Montreal researchers are reporting on the curious case of a Quebec man apparently cured of a cocaine addiction following a stroke.
Although it’s based on a single case report, the finding could set the foundation for more research into whether it’s possible to target and treat the underlying brain regions behind drug abuse, possibly with deep brain stimulation.
The case involves a 45-year-old man who had been addicted to cocaine since he was 24, injecting or snorting up to seven grams a day.
Twenty-one months ago, he experienced a stroke affecting the basal ganglia, large clusters of nerve cells located deep in the brain that receive dopamine — the neurotransmitter involved in the brain’s pleasure and reward system that’s important for addictive behaviors.
When people do something pleasurable, the brain releases a surge of dopamine that reinforces that behavior, said lead researcher Dr. Sylvain Lanthier, an associate professor at the University of Montreal and director of the neurovascular program at Centre hospitalier de l’Universite de Montreal.
Cocaine enhances the effects of dopamine, but it’s short-acting. “You have a big rush of dopamine, and then suddenly it goes away,” Lanthier said. “That’s why you feel the need to use again.”
In an abstract presented at the recent Canadian Stroke Congress in Calgary, Lanthier’s team reported that, “remarkably, (the man) reported no further craving for cocaine following stroke onset.”
He scored nine out of 10 on a drug abuse screening test pre-stroke, “indicating a severe level of problems related to drug use,” the researchers wrote, and a zero out of 10, post-stroke.
“The man doesn’t experience any craving, any sensation that he needs to take cocaine,” Lanthier said.
The patient experienced some temporary paralyses on his right side, but recovered rapidly. There were no lingering “deficits” or side effects, Lanthier reports, save for one: the man developed “micrographia”, abnormally small hand writing.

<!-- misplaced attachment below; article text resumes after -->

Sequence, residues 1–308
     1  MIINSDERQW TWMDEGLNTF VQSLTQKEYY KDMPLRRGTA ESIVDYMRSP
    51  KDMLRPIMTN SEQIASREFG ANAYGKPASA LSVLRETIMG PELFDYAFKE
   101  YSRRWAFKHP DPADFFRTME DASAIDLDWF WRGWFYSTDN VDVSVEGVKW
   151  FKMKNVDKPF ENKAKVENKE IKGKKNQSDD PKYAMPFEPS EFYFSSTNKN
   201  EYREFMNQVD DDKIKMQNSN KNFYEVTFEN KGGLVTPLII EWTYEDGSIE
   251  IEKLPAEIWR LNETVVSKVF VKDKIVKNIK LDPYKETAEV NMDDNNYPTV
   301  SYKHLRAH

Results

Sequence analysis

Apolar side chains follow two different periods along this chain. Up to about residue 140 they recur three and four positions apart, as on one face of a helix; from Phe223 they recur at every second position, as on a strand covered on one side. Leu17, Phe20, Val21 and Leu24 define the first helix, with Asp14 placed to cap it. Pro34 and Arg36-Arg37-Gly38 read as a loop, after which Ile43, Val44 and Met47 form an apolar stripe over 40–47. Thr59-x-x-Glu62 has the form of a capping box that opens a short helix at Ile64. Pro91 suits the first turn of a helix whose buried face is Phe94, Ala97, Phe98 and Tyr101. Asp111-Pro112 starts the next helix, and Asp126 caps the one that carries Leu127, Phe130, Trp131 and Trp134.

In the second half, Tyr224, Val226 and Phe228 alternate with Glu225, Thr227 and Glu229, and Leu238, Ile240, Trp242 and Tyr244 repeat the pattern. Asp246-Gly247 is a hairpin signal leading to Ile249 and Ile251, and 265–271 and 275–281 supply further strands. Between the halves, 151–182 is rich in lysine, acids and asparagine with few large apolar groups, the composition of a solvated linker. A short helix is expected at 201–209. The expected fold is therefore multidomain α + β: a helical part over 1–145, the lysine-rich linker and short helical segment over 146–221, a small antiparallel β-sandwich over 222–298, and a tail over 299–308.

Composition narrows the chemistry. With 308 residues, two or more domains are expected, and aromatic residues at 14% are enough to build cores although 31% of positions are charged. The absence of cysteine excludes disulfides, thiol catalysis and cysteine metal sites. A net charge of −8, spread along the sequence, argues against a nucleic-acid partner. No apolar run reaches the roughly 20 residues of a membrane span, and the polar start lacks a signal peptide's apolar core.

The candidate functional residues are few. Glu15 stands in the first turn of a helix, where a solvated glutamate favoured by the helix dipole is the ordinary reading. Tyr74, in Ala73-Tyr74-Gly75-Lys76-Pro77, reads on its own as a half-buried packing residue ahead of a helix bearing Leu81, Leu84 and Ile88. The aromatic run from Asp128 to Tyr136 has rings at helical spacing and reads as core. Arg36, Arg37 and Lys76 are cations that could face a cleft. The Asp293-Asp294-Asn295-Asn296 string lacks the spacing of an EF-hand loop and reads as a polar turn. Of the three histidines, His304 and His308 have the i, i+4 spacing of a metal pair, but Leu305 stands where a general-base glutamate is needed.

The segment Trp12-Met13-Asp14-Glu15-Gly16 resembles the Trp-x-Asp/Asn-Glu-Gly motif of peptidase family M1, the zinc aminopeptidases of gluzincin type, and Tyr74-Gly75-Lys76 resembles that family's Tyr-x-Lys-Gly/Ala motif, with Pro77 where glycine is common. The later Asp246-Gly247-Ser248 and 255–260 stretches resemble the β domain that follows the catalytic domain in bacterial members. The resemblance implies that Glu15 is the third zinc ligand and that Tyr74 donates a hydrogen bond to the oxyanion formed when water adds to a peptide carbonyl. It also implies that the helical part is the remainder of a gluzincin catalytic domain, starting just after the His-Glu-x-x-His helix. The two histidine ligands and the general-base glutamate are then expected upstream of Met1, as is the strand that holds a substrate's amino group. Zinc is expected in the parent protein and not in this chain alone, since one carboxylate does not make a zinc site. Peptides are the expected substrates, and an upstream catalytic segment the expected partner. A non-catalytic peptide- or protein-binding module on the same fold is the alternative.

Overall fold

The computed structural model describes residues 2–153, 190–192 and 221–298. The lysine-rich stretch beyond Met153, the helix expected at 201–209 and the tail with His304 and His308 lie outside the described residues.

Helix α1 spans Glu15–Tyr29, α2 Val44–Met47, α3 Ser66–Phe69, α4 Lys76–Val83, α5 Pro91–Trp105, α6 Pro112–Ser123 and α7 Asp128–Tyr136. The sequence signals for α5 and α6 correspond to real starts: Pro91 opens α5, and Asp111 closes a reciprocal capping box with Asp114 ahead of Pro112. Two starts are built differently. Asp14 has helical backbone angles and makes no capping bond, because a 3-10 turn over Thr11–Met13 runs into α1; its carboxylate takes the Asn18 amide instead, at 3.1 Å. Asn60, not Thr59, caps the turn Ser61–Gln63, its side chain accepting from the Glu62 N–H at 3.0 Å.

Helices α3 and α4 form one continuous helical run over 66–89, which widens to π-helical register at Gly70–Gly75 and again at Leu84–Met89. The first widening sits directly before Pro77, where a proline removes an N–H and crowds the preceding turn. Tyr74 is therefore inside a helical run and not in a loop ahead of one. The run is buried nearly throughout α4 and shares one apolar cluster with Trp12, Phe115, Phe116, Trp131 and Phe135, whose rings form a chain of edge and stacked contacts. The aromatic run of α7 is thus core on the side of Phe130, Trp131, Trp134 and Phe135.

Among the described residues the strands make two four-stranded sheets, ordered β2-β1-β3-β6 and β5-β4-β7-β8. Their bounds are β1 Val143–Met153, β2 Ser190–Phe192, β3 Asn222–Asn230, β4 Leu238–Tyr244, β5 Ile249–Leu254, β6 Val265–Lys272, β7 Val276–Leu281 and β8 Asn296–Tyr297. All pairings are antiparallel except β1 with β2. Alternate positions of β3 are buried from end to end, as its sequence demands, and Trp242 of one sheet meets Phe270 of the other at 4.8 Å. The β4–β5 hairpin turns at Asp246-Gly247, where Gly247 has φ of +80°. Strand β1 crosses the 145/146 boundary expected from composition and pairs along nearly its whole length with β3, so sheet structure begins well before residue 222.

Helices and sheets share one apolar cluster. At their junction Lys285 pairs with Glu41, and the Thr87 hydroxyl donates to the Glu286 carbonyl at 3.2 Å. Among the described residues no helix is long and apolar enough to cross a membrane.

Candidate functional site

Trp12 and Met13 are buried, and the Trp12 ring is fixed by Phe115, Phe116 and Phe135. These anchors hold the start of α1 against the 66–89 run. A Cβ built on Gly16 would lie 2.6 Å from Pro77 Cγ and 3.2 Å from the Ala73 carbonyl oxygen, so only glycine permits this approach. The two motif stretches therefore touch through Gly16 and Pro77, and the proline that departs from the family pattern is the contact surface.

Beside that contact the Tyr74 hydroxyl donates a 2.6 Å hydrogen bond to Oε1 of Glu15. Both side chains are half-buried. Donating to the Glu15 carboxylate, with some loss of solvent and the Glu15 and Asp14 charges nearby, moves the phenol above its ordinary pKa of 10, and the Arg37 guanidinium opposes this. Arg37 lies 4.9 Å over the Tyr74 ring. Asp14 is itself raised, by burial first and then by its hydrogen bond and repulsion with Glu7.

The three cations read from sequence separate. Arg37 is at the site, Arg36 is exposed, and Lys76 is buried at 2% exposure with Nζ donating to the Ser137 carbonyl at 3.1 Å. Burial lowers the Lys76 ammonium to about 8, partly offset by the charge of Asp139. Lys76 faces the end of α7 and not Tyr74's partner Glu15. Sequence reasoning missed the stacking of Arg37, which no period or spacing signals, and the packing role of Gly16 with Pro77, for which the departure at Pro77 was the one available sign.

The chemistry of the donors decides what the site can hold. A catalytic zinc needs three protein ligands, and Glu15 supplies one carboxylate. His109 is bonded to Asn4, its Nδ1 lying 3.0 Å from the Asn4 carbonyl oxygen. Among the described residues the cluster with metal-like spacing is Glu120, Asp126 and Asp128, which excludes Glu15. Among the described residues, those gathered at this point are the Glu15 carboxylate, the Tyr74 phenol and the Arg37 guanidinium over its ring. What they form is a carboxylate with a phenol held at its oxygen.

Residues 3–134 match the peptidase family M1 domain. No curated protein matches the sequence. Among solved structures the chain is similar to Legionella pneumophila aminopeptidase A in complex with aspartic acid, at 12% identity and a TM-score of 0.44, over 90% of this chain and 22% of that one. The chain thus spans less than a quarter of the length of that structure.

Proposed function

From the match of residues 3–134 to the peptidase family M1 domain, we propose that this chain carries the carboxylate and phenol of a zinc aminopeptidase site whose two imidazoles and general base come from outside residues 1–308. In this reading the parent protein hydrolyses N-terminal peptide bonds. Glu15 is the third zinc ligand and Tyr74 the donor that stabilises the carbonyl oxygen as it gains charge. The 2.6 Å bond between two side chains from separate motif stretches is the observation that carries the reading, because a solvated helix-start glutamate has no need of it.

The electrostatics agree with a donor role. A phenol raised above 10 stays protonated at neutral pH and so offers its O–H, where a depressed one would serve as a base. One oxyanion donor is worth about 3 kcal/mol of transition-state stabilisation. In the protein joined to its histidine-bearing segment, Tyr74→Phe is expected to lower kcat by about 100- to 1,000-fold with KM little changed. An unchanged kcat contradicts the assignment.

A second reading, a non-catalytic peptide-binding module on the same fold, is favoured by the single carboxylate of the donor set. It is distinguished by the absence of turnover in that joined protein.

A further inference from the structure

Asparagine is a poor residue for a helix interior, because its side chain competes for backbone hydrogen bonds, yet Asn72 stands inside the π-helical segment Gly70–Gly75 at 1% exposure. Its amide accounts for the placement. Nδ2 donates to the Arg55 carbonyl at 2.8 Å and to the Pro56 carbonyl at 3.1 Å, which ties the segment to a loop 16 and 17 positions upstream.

It’s believed to be the first reported case of cocaine addiction relieved by a stroke.
“It highlights the fact that certain areas of brain are very important for the experience of the ‘high’ that comes from cocaine and substance use,” says Dr. Mark Bayley, medical director of the brain and spinal cord rehabilitation program at the UHN-Toronto Rehab Institute
“It tells us that these neurotransmitters that are triggered by cocaine can be blocked.”
One way of blocking those pathways might be via deep brain stimulation, or DBS, an experimental treatment that uses electrical currents to reset the brain. DBS is being tested on patients with severe depression, Parkinson’s and Alzheimer’s disease.
Current addiction treatments primarily involve a combination of cognitive behavioral therapy, or talk therapy, and anti-depressants.
“We like to say in neurology that you learn neurology one stroke at a time,” said Dr. Michael Hill, director of the acute stroke unit at Foothills Medical Centre in Calgary.
“There are lots of examples where someone has a small stroke in just the right location to give them a specific change in behavior, or specific cognitive deficit.” Hill once saw an accountant who had a stroke while working on someone’s taxes. He suddenly could no longer add and subtract numbers.
“What’s novel about this (the Quebec case) is that it’s pretty unusual to have the circumstance where someone is a former abuser of illicit drugs and then has a stroke which impairs their desire to even consider taking those drugs again,” Hill said.
“It’s pretty cool. It helps us understand more about how these things work,” Hill said.
Different parts of the brain are responsible for different functions, he said. It’s not always the same in every person, but it’s similar enough that, “if there is a common location where people display addictive behaviors, it might be possible to modulate that with a stimulator.”